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A Lion In The Street
How J. P. Morgan, like a “one-man Federal Reserve,” calmed the bankers and helped ease the Panic of 1907
June 1957 | Volume 8, Issue 4
But when things looked blackest there was a turn for the better. Gary phoned from Washington that Roosevelt had approved the T. C. & I. merger; this news was allowed to leak and the market rallied. Representatives of Morgan and the leading bankers persuaded the State Superintendent of Banks to permit the Lincoln Trust to continue its slow payment policy, and the directors voted to open up after all. However, final consummation of the steel merger depended upon a permanent solution of the trust company problem, and this had not yet been worked out.
In desperation Morgan appealed to John D. Rockefeller, the titan of the oil industry. George Perkins had come to Morgan with a bold plan. Suppose a fund of $40,000,000 could be pledged to support the two companies. This sum represented all their remaining deposits. Surely the runs would end when depositors learned that they could definitely get their money. If Rockefeller would pledge half of this sum, Morgan and the bankers would somehow find the rest.
The negotiations were conducted by Perkins. He called on John D. Rockefeller, Jr., and explained to him the status of the trust companies: how they had assets which in time could be liquidated and how, therefore, there would be little risk in the loan. “I told him that I believed his father had a very great opportunity to be of immense service to the business of the country and to win fame for himself in a most worthy cause,” Perkins recalled in describing the interview. “I explained … that … his father would be in the attitude of having protected over fifteen thousand depositors, which step, I felt sure, would bring him the commendation and good will of hundreds of thousands of people all over the United States. I pointed out to him how the President at Washington had commended Mr. Morgan … and others for what they had done, and how I believed such action on Mr. Rockefeller’s part would unquestionably make a favorable impression on the President and other governmental officials at Washington.” Perkins’s last point was, no doubt, particularly weighty with the Rockefellers because an antitrust suit against Standard Oil was then in the courts, on appeal from Judge Landis’ astronomical $29,000,000 fine, levied in August, 1907. The younger Rockefeller promised to take the matter up with his father, but after much debate their decision was negative. This effort, too, thus ended in nothing.
Tuesday, fortunately, was election day and a bank holiday, which gave the bankers a respite. During the day, Morgan, Stillman, and Perkins worked out a new scheme. With the help of the committee of trust company presidents they would undertake to raise $20,000,000 for the Trust Company of America and the Lincoln Trust. In turn, these companies would place 66 per cent of their stock in a voting trust consisting of the heads of some of the other companies to be named by Morgan. The leverage that would force all the trust companies to agree to these terms would be the T. C. & I. deal. Unless they agreed, the finance committee of U.S. Steel would not approve the merger and in the resulting chaos no trust company would be safe.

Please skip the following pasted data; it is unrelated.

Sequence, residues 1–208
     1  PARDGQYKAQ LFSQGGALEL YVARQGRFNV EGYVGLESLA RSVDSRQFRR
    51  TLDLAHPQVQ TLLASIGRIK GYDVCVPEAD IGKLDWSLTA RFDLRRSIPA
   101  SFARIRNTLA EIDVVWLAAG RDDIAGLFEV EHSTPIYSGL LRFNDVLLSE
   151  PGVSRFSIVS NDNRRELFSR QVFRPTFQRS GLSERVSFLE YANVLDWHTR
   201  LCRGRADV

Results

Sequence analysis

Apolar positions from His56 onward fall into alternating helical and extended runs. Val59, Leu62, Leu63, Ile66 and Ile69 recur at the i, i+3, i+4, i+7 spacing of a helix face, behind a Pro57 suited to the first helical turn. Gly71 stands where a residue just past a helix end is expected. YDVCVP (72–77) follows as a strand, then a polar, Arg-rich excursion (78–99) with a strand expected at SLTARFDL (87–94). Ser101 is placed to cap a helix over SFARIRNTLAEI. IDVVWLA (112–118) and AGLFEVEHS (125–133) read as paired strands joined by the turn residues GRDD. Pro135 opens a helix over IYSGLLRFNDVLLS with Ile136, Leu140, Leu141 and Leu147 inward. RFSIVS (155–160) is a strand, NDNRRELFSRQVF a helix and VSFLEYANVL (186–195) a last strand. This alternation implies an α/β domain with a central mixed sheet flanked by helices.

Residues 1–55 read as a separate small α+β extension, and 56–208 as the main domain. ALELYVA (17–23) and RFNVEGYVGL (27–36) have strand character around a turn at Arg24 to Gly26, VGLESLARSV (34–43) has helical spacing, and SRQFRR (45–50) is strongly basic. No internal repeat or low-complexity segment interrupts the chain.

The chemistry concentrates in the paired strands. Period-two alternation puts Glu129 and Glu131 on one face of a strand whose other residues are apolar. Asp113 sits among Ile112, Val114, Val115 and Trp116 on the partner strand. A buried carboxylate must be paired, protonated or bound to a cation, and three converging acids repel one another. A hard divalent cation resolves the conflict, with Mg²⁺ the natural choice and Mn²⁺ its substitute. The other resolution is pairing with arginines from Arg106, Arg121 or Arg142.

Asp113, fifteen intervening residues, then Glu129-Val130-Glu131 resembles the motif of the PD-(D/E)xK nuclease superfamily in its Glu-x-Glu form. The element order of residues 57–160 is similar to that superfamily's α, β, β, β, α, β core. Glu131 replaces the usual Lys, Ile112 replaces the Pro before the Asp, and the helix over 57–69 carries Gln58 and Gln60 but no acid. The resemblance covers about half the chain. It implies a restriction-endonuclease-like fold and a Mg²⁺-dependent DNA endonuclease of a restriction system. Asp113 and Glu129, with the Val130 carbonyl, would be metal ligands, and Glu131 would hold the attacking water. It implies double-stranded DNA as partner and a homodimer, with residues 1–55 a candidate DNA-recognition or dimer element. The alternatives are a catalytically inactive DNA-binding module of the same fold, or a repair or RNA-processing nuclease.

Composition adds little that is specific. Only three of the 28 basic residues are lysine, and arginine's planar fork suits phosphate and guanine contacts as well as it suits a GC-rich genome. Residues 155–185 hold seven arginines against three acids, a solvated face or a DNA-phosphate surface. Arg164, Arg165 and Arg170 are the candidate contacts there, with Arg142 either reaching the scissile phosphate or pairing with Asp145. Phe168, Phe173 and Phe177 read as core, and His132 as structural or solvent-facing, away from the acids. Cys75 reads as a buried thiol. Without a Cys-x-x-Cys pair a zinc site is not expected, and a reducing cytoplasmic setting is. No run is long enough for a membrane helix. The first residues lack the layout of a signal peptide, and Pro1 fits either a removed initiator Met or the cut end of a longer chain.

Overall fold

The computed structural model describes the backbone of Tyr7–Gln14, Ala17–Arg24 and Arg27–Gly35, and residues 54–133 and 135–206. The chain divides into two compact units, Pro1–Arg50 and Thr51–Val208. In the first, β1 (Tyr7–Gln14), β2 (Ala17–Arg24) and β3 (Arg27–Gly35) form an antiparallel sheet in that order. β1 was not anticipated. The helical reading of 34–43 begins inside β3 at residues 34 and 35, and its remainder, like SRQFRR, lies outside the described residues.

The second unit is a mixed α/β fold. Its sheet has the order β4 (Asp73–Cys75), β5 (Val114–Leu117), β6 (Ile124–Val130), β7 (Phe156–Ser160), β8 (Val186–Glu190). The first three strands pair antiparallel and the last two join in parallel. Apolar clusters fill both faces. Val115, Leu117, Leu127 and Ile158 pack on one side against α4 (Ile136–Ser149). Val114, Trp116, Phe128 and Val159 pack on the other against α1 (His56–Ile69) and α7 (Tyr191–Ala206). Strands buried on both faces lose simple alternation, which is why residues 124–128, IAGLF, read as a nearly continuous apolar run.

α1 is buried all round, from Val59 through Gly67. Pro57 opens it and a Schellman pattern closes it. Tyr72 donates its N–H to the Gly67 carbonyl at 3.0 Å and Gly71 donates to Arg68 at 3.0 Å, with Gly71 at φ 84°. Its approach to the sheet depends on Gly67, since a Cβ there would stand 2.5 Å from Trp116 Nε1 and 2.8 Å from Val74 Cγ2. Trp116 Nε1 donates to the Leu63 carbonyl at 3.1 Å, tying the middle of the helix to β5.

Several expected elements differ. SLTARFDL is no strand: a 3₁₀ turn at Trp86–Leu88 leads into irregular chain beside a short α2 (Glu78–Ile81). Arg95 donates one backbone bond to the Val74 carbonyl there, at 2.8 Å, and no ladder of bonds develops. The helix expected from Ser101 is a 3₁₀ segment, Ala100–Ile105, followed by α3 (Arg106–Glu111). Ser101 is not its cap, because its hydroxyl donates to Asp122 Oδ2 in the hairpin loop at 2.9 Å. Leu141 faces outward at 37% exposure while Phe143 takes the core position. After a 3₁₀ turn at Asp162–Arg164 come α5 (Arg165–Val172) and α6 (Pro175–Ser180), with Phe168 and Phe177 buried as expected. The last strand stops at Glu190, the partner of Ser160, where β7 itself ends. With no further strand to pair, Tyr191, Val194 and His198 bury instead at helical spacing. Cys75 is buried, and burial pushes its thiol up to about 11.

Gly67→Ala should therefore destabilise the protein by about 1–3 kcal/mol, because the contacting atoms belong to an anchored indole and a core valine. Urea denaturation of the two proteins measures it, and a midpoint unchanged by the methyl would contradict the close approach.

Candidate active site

The grand climax came on Tuesday night in the Morgan Library. In one room were the executives of the Trust Company of America, in another the executives of the Lincoln Trust Company. A third held the presidents of all the major trust companies, and a fourth the finance committee of U.S. Steel. Morgan men circulated from room to room, pressing for agreement. On into the night the negotiators debated, while outside the reporters waited impatiently for an announcement. At one point there was a great stir—a mysterious woman in black entered the Library and a rumor circulated that she was Hetty Green, the famous miser. It turned out, however, that she was only a lady who held an important mortgage on the chief office of the Trust Company of America. Finally, at three o’clock on Wednesday morning, the news broke. U.S. Steel had absorbed the Tennessee Coal & Iron Company; the trust companies would be supplied with ample cash and would be taken over by a committee under the universally respected Edward King, president of the Union Trust Company.
When trading began on Wednesday there were sharp advances on the stock market. The bonds of U.S. Steel fell slightly in active trading as they were sold to meet Moore & Schley’s obligations. (Business-stimulating cash came out of safe deposit boxes to pay for these securities, of course.) At the trust companies, the lines of waiting depositors moved briskly for the first time in two weeks. Observing reporters estimated that customers were being serviced at the rate of one every three minutes, whereas previously as few as three a day had actually received their money. Seven million dollars in gold had just arrived from Europe, and the Lusitania was expected momentarily with ten million more. BANKERS SAVE BIG TRUST COS. BY FLOOD OF CASH, the headlines proclaimed. MORGAN CLEARS UP THE WHOLE TRUST SITUATION. A tremendous change for the better had taken place; all talk of failure and collapse ceased as if by magic. The panic was over.